As we know, some of the WTY (Walk the Y) discoveries were used in the creation of the Geno 2.0 chip. The entire point, of course, for the WTY test is to sequence the Y chromosome to search for new mutations. As we can see by the plethora of new L SNPs on the SNP Tree at ISOGG, this has been quite successful.
What you may not know is that the WTY product has two prices. A price, subsidized by Family Tree DNA for the test if you agree to allow the use of the data for scientific research, and the private price. The application for the WTY at Family Tree DNA clarifies the expectations and the pricing.
Therefore, anyone who did not pay the higher, private price of $1500, has agreed for their results to be used for research. In essence, those who did agree to participate in research received a significant discount, 38%, amounting to 950.
Thank you Bennett and Max for underwriting this important scientific effort!
Speaking with Bennett about the process of vetting the new Geno 2.0 chip, he indicated that many of the WTY samples used were internal, meaning not customers. Only 23 public WTY samples were used.
Spencer Wells, today, clarified the situation for those few whose results were used:
“The WTY and whole-mtDNA genome customers used in the chip validation process will receive their results when the results section of the website goes live for all Geno 2.0 participants this fall. Your data belongs to you. There will be no charge to them for this, and we hope that they enjoy the new Geno 2.0 experience and will become cheerleaders for the project.”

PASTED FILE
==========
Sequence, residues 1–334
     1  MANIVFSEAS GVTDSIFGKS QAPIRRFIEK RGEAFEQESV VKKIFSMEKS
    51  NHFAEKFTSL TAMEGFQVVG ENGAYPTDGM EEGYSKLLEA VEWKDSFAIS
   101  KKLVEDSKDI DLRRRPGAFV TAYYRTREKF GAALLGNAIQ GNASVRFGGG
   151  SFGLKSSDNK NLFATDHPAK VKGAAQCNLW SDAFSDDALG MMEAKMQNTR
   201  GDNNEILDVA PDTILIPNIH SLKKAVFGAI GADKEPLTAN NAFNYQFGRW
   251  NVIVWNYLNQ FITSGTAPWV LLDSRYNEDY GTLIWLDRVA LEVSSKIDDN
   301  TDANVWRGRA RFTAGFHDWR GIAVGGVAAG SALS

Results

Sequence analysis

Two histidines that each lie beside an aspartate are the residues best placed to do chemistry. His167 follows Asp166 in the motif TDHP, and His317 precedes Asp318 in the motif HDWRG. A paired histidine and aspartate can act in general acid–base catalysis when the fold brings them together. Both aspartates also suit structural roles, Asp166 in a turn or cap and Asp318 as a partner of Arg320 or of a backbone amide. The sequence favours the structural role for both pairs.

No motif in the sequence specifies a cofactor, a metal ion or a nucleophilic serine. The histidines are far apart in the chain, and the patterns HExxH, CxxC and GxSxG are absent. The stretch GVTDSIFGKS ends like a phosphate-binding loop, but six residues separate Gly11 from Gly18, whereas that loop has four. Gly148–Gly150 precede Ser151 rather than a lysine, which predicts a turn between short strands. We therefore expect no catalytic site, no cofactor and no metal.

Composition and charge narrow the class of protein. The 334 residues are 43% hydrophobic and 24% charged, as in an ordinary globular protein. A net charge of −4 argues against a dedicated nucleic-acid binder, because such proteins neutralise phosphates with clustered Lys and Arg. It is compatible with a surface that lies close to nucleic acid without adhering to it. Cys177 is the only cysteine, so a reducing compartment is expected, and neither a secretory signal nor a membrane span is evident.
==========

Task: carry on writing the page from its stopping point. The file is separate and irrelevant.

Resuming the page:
I notice, in addition to the WTY samples used, this also extends to any mtDNA full sequence results used as well. Thank you Spencer!
Now, of course the next question will be what happens for those who have already placed orders. Spencer says, “They will be able to cancel their orders, or give the kit to a friend or family member (which of course we would prefer…;-). I really want to encourage them to help us expand our database. It will benefit everyone, themselves included, and will allow us to make the 2.0 experience richer for everyone – especially the community features. They will receive the whole Geno 2.0 experience, just like people who purchase kits. We’ll provide them with GPIDs to use for logging in via email.”
In addition, an article appeared in BioArray News today by Justin Petrone that provides some additional information on the Illumina BeadChips used. It’s free, but you do have to register to read it. I’m providing the highlights below that add to the information we’re already received.
Justin interviewed Spencer, who provides background information on the Genographic project. He mentions that about 520,000 people have participated to date.
In addition to discussing the SNPs on chips information that Spencer has previously provided to our community, he also says that ‘National Geographic and its partners are preparing two publications that discuss the new chip and have submitted an abstract for the American Society of Human Genetics annual meeting, which will be held in San Francisco in November.”
Spencer also spoke a little about the new National Geographic online community capability. This will be in addition to the option for participants to transfer their results to Family Tree DNA, for free. He says that “participants will have the opportunity to choose to register for the Genographic online community to connect with other participants and find shared ancestry, helping to fill in the gaps between what they know about their recent genealogy and their genetic results.”
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